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A clergyman was acquitted of rape and other charges Tuesday but convicted of two counts of assault in an alleged knifepoint attack on a parishioner.

The Rev. Michael O. Payton, 48, of the now-defunct Faith Temple of God and Christ on Fillmore Avenue, faces a prison term of two years when he is sentenced March 6 before Erie County Judge Michael Pietruszka.

A jury reached its verdict after about eight hours of deliberations. The panel found Payton guilty of two counts of third-degree assault but innocent of first-degree rape, fourth-degree criminal possession of a weapon, two counts of first-degree sodomy and two counts of first-degree burglary.

The 31-year-old woman parishioner testified that Payton, who is currently under suspension with pay as a Buffalo Public School teacher's aide, used a crowbar to get into her house and raped her at knifepoint about 11:30 p.m. Dec. 29, 1998. On the witness stand Monday, Payton insisted they had consensual sex that day.

Payton was indicted in January and spent two days in jail until he was released on $25,000 bail after the incident.

Payton admitted the bloodstained steak knife police found in the victim's home after he left was his but he said he had lent the knife to the woman, and he denied causing the neck and thigh slashes police found on her.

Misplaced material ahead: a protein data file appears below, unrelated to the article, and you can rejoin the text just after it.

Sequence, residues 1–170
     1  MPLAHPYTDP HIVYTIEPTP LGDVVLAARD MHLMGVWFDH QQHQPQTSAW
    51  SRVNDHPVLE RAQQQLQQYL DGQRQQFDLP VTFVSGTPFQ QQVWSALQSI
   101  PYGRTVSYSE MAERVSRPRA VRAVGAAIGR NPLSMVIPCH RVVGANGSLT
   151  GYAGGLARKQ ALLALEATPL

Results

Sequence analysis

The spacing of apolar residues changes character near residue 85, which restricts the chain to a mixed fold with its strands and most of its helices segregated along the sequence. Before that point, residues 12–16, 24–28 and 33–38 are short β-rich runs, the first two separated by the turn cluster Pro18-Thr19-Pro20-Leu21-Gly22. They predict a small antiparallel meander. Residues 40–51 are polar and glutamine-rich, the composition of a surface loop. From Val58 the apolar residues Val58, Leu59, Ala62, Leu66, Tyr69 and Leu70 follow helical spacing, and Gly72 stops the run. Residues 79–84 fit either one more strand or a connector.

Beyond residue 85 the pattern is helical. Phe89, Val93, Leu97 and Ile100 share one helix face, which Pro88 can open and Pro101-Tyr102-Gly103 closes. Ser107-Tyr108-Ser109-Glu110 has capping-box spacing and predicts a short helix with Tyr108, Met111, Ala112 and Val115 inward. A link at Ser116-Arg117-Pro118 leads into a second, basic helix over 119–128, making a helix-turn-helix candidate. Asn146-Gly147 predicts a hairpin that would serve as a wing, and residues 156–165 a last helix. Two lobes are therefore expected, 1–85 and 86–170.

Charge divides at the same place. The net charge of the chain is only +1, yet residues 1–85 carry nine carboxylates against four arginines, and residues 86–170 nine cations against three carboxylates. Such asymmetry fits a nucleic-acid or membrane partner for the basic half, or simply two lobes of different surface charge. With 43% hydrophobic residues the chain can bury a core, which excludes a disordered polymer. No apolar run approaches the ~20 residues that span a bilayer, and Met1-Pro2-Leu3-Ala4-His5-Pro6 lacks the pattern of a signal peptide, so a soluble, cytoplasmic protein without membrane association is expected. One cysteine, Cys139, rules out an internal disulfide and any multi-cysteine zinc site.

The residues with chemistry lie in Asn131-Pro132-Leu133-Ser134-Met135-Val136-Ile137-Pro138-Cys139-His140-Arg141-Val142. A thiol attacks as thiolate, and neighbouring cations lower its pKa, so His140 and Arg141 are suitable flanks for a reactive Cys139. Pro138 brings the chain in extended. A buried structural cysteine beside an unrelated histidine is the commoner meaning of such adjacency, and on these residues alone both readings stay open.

The victim told the jury she had fled into her bathroom, locked the door and used her portable phone to call 911 while Payton was still in her house. He was arrested by police at his home about two hours later.

The woman told the jury that after Payton threw her on her bed, he held the steak knife to her throat and said, "Stop moving or I'll kill you."

The woman identified Payton as her attacker when police brought him to her house after she reported the incident.

In October 1990, Payton was arrested after allegedly whipping a 14-year-old nephew with an electrical cord as punishment for fighting, but court officials said they have no immediate records of what happened to him in that case and noted he retained his school job that year.

In closing arguments, Leigh E. Anderson, Payton's lawyer, told the jury the woman "set up" Payton because she was jealous that he had become engaged to another woman.

Prosecutor Lisa Bloch Rodwin told the jury that the broken door lock police found on the woman's front door shortly after the incident and the bloodstained knife and the tire iron they found on her living room floor corroborated her claims of being sexually assaulted.

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